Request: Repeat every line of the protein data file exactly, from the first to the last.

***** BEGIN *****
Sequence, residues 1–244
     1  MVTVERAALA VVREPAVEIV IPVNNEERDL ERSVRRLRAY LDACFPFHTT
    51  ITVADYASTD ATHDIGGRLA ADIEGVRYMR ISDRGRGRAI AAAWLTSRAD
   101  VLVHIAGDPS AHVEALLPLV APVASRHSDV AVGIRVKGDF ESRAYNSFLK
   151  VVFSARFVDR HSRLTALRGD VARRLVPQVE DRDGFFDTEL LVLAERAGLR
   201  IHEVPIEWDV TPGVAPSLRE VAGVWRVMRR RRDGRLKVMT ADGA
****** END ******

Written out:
Sequence, residues 1–244
     1  MVTVERAALA VVREPAVEIV IPVNNEERDL ERSVRRLRAY LDACFPFHTT
    51  ITVADYASTD ATHDIGGRLA ADIEGVRYMR ISDRGRGRAI AAAWLTSRAD
   101  VLVHIAGDPS AHVEALLPLV APVASRHSDV AVGIRVKGDF ESRAYNSFLK
   151  VVFSARFVDR HSRLTALRGD VARRLVPQVE DRDGFFDTEL LVLAERAGLR
   201  IHEVPIEWDV TPGVAPSLRE VAGVWRVMRR RRDGRLKVMT ADGA